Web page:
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Ian Gorst hit out at the suggestion that Jersey’s waters could be sacrificed by the UK in a bid to strike a trade pact with the bloc. He was responding to a report by The Telegraph which said the EU had put forward the idea of instating different fishing rights around the Channel Island to those around the UK.
The bloc’s negotiating team led by Michel Barnier were said to be keen to give French and Dutch fishermen greater access to the islands’ coastal waters than they are likely to enjoy around the UK after December 31.
Jersey is the largest of the Channel Islands, which are not part of the UK.
The islands between England and France are self-governing dependencies of the Crown.
Mr Gorst said he believed there may have been a misunderstanding among negotiators when it came to the topic of the islands’ fishing rights.
He said: “If we start with the basics, the UK is not in a position to offer rights to Jersey territorial waters.
“Jersey will decide whether it is party to any deal that the UK might negotiate with the EU, either on their own behalf or on our behalf.
“If you think about it logically, it’s not possible for the UK to offer up our waters to the EU, but of course the [trade in] goods and fishing issues are fairly central to the negotiations for the UK, to us and the other Crown Dependencies [Guernsey and the Isle of Man].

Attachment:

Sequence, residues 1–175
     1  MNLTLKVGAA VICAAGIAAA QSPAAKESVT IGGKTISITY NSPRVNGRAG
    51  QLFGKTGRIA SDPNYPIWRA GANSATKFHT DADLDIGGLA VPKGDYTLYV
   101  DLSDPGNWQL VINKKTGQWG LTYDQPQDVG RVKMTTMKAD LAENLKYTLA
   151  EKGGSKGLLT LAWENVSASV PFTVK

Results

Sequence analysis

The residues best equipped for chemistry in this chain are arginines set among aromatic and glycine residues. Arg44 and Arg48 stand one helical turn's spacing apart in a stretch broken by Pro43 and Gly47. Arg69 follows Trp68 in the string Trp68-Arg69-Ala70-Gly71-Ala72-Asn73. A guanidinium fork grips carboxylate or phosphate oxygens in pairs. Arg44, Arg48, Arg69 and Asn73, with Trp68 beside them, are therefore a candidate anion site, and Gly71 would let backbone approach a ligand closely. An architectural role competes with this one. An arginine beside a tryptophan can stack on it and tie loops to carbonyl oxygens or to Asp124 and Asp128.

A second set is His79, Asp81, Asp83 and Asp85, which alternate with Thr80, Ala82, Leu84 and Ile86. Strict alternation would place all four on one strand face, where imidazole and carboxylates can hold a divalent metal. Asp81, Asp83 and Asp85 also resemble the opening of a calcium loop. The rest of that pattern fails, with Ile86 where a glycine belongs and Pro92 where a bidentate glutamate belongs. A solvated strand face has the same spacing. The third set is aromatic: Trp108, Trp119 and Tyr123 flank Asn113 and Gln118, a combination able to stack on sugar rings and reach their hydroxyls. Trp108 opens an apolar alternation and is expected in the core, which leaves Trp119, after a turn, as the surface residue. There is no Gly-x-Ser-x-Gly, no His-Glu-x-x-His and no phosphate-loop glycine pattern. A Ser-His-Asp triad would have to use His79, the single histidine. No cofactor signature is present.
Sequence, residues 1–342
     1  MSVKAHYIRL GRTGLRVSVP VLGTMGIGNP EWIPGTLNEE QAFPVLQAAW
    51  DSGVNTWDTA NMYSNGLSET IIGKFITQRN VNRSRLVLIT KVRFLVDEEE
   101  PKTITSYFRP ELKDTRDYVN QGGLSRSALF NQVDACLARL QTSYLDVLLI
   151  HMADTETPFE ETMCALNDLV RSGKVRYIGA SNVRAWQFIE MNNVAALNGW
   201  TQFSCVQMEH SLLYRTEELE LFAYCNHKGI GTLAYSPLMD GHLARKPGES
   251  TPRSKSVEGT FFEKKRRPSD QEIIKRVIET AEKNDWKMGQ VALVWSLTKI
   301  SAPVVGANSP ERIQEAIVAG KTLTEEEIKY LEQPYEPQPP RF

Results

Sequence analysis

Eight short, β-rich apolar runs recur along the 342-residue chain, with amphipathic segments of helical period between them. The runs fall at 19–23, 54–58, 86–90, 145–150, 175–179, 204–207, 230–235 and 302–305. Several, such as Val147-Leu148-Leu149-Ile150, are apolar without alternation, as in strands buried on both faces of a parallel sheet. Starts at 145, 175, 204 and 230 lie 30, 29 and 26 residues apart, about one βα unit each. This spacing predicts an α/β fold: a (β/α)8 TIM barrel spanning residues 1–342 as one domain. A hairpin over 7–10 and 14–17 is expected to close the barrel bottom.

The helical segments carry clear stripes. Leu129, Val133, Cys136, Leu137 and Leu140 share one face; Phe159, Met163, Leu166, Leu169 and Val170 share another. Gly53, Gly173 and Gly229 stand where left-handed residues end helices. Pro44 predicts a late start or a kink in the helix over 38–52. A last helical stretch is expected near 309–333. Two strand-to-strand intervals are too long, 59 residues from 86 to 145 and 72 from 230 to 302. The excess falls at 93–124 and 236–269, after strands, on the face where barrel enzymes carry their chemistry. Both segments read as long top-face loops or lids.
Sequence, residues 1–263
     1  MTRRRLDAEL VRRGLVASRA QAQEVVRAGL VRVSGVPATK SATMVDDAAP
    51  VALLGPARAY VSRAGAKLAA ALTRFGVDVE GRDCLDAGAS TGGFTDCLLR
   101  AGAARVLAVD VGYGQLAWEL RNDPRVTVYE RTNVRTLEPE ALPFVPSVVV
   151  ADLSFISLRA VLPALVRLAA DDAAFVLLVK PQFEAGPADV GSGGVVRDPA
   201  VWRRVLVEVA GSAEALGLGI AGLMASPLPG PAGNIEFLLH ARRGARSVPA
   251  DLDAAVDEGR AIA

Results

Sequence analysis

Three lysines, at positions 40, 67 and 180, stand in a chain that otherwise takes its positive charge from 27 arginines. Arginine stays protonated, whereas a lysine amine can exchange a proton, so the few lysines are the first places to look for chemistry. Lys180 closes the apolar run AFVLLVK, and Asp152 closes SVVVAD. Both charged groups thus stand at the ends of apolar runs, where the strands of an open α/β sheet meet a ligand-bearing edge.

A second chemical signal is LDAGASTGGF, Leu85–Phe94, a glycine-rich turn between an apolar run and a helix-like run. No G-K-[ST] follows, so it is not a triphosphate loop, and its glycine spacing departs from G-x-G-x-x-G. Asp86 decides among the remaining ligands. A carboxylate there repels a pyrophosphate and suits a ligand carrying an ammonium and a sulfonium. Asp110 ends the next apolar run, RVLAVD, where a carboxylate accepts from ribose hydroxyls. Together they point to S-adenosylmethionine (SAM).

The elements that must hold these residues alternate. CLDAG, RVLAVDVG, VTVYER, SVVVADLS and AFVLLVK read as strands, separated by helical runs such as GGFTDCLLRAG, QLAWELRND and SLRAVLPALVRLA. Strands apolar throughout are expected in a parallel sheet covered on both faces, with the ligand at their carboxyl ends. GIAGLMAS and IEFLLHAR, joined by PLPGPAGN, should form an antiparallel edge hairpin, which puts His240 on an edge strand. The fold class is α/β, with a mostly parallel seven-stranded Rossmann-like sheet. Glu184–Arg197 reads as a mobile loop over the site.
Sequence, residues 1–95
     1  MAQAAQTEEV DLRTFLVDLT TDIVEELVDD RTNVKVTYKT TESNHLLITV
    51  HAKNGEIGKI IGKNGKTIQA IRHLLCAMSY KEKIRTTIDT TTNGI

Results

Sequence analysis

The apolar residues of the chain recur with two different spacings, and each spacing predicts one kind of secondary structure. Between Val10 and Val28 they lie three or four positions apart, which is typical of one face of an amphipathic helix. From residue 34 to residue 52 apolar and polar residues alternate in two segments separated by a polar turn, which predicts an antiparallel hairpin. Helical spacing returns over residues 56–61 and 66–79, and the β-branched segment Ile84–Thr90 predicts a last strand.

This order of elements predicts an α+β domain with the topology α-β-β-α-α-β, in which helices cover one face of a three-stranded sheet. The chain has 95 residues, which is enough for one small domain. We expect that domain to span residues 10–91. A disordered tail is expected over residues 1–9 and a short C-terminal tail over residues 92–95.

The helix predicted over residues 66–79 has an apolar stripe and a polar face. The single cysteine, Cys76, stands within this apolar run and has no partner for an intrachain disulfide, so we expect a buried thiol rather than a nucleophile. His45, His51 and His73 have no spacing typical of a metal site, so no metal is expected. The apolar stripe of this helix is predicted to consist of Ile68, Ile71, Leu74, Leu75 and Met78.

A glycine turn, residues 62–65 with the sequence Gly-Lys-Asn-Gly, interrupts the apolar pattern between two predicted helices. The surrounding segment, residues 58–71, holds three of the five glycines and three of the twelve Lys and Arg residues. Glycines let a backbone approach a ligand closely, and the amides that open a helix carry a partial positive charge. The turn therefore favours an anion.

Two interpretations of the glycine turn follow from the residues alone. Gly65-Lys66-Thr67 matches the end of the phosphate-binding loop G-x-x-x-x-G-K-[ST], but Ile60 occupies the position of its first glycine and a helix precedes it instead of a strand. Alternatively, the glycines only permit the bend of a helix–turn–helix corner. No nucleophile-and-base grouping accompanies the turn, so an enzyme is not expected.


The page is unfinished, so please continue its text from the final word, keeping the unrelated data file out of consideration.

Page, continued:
“The process is that we discuss with the UK what we would like, we agree texts that they then submit to the EU and then they have conversations about that text and revert to us.”
The latest proposal comes on the back of numerous suggestions to break the deadlock over fishing rights.
The topic, along with state aid, are among the most contentious issues in trade talks.
On September 28 the ninth round of discussions between Mr Barnier and the UK’s chief Brexit negotiator David Frost will kick off.
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All eyes will be on the pair as they meet in Brussels just two weeks before Boris Johnson’s mid-October deadline to strike a pact.
On Friday the Brexit saga took an unexpected turn with the resignation of UK special envoy Amal Clooney.
The top human rights lawyer quit in protest over the Prime Minister’s controversial Internal Market Bill.
She called the Government’s decision to override parts of the Withdrawal Agreement “lamentable”.
In a letter to Foreign Secretary Dominic Raab, she said she had no alternative but to resign after he made clear the Government would change its position.
Last week, Mr Johnson compromised on the Bill in the face of mounting opposition from members of his own party.
His partial climbdown came after tow days of behind closed doors negotiations with Tory MPs.
In a bid to stave off a potential party revolt, he agreed to grant lawmakers a vote about when to invoke controversial powers in the Bill that risk breaking international law.
His compromise came hours after the resignation of Lord Keen, the UK government’s law officer for Scotland, over the proposed legal framework.
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